Rejection. It’s a horrible feeling. It’s more than being left behind. It’s worse than just being abandoned or neglected. Rejection is all those things and more. The worst part about rejection is that it’s a decision. Someone doesn’t want you. They’ve looked at you and they don’t want you to be part of the group. It’s the toys being thrown away in Toy Story. It’s the rejects who join Glee. It’s all the people who didn’t get to the next stage of X-factor.
The opposite of rejection is acceptance. Let’s accept those who are cast out, those who are different. Let’s look past our differences and accept them into our fold. Let’s take in the broken toys, the bad singers, and the social misfits. Its a beautiful sounding dream, and has become the social policy for the new generation. In many ways, acceptance in this world is accepting someone whether they are bad or good, right or wrong; it is saying, we judge not, for all are welcome.
But there’s a problem with this. The cure for rejection is not acceptance. For someone who has been rejected, simply being part of a new group is not enough. Accepting a person’s differences doesn’t heal the pains of rejection. It doesn’t make a bad singer good, or fix a broken toy. It merely accepts them into a new group, a different establishment.
The cure for rejection is actually love. In many ways, unfortunately, we’ve confused acceptance with love. We have fooled ourselves into thinking that accepting someone different, and overlooking their flaws, is the demonstration of love. But love, true love, is more than acceptance. Love welcomes those who are broken, flawed, and misguided. But true love does not leave them like that. True love moves from acceptance to restoration. True love welcomes in and then works to heal. True love gives their own life to save the life of another. It fixes the broken, guides the lost, feeds the hungry. Love does not stop at welcoming people through the door. Love extends beyond.
This is why Christ calls his disciples to love one another. He calls them to go and bear fruit. It is why he tells them that greater love has no one than this, that one lay down his life for his friends.
“This is my commandment, that you love one another as I have loved you. Greater love has no one than this, that someone lay down his life for his friends. You are my friends if you do what I command you. No longer do I call you servants, for the servant does not know what his master is doing; but I have called you friends, for all that I have heard from my Father I have made known to you. You did not choose me, but I chose you and appointed you that you should go and bear fruit and that your fruit should abide, so that whatever you ask the Father in my name, he may give it to you. These things I command you, so that you will love one another.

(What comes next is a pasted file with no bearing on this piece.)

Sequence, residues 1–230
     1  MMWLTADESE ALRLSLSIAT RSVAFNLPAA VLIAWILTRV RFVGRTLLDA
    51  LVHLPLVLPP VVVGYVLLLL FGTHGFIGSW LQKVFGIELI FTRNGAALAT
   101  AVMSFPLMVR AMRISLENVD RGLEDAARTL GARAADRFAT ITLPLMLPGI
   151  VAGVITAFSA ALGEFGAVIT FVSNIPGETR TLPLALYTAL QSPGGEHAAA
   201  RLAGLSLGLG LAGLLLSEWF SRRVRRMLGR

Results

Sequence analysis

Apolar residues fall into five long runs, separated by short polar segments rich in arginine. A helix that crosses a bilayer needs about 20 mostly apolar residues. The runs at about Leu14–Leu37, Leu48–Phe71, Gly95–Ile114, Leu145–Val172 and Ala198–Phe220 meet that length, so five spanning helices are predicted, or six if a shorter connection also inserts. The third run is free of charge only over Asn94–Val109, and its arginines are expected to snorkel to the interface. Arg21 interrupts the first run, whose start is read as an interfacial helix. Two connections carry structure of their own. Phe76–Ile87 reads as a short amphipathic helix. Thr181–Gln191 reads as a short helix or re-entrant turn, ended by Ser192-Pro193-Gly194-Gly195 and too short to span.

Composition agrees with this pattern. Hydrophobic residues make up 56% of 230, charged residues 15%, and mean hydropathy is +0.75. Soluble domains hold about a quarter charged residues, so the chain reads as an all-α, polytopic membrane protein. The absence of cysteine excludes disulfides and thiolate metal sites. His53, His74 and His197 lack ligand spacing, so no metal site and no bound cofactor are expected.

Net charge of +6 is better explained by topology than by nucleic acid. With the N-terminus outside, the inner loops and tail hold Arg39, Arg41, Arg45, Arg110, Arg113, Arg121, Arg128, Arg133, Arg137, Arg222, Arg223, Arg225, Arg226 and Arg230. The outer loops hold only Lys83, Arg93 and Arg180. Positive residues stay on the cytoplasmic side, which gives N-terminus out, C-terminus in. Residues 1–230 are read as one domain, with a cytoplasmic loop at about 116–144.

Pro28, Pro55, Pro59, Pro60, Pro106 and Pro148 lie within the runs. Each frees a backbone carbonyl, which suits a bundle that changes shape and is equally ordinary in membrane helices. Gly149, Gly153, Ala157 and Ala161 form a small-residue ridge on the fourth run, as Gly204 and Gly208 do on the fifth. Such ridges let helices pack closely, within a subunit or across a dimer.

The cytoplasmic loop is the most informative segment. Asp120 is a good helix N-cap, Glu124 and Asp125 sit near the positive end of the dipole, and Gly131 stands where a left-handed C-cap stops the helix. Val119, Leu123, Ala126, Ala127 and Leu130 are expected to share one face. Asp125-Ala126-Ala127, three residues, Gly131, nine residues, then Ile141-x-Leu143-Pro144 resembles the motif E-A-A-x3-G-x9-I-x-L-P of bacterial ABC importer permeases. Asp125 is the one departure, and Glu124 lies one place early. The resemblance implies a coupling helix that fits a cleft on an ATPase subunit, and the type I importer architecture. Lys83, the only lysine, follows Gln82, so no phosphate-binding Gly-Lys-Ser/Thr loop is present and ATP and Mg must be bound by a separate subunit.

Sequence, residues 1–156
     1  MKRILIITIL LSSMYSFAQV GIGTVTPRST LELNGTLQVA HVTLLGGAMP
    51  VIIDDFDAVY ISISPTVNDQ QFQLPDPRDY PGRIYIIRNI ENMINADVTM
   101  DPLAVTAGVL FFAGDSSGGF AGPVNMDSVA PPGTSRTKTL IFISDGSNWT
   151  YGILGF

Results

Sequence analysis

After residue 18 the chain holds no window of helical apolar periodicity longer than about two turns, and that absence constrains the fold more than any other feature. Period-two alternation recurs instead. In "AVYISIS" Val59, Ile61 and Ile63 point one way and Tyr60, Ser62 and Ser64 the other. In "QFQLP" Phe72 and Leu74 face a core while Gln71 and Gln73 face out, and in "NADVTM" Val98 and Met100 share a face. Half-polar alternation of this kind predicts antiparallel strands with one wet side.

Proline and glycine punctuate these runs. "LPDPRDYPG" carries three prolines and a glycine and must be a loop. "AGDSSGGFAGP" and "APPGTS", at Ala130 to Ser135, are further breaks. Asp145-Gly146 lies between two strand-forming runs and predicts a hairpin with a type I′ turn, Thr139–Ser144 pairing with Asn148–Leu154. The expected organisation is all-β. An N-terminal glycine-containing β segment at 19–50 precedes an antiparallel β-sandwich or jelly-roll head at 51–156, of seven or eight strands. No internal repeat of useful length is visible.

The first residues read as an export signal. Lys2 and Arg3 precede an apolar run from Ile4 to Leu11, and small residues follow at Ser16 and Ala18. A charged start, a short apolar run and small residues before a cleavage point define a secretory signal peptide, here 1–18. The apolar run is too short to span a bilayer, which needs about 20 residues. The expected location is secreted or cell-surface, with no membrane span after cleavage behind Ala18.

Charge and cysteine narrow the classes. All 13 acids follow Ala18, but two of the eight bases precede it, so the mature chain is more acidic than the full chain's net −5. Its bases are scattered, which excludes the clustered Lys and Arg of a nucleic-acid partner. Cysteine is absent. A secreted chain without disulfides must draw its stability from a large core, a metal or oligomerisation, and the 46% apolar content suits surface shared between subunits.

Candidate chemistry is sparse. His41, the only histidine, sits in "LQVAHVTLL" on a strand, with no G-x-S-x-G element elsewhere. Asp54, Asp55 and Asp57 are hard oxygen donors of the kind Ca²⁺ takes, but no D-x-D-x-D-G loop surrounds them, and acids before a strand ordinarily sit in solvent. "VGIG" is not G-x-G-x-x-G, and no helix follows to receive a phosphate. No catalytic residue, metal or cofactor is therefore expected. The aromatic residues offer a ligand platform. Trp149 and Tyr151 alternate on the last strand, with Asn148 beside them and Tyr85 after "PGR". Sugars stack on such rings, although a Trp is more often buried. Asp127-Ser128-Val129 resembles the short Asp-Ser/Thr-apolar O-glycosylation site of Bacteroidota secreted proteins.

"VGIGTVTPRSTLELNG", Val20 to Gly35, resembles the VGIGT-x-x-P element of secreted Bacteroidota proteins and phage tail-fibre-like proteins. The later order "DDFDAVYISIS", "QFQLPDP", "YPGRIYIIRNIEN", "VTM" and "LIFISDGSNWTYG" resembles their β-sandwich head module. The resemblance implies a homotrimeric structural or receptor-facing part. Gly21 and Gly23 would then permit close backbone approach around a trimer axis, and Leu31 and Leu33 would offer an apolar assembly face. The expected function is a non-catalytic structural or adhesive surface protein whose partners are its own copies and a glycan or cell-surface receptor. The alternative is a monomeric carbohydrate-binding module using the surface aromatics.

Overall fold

(John 15:12-17 ESV)
Jesus took a band of misfits, outcasts, failures. Those who couldn’t make it into Rabbinic school. He welcomes them in, but then works with them. He loves them not just as students or servants. But he loves them to the point where he calls them friends. Deep love. True acceptance. True Love. He does not leave them broken and wanting. Rather he gives his Holy Spirit so that they can know how to walk with him eternally. The Holy Spirit is the transforming dynamic. It works us to completion.
I wanted this world to love me. I wanted to be accepted by it. I thought if this world would love me, then I would be at peace. But the love and acceptance of this world is unfulfilling. It does not fix me. It does not complete me. This world simulates love by learning to accept others. It pretends to accept me.
But God’s love is perfect love. It doesn’t stop at acceptance. God’s love is so great, he created a way for us to be accepted, forgiven and restored. God is love. And He is perfect love. It is changing me – who is imperfect – into perfection in Him. Is there any force greater on earth? Can anything on this earth compare to that promise?
And so my prayer is:
Lord, I don’t want the acceptance of this world. Fill me instead with your perfect love.
Fix the cracks in my heart. Teach me how to sing.
Repair the broken pieces of my life. For you are the great redeemer and restorer. Your Holy Spirit guides and teaches me. Let me be reminded and refilled daily with your love, so that my arms and feet can love the people in this world.
Let me love the world around me the same way you loved me.
These were some thoughts from our current series The Remarkable Life of Jesus and our Strong and Courageous Life in Him. The message about the Holy Spirit from John 14 is available here, and all our previous messages are available on the Sunday messages page.
I’ve now also added a few questions as a short Bible study for you to reflect on this week’s message and passage. It’s available on the Sunday messages page.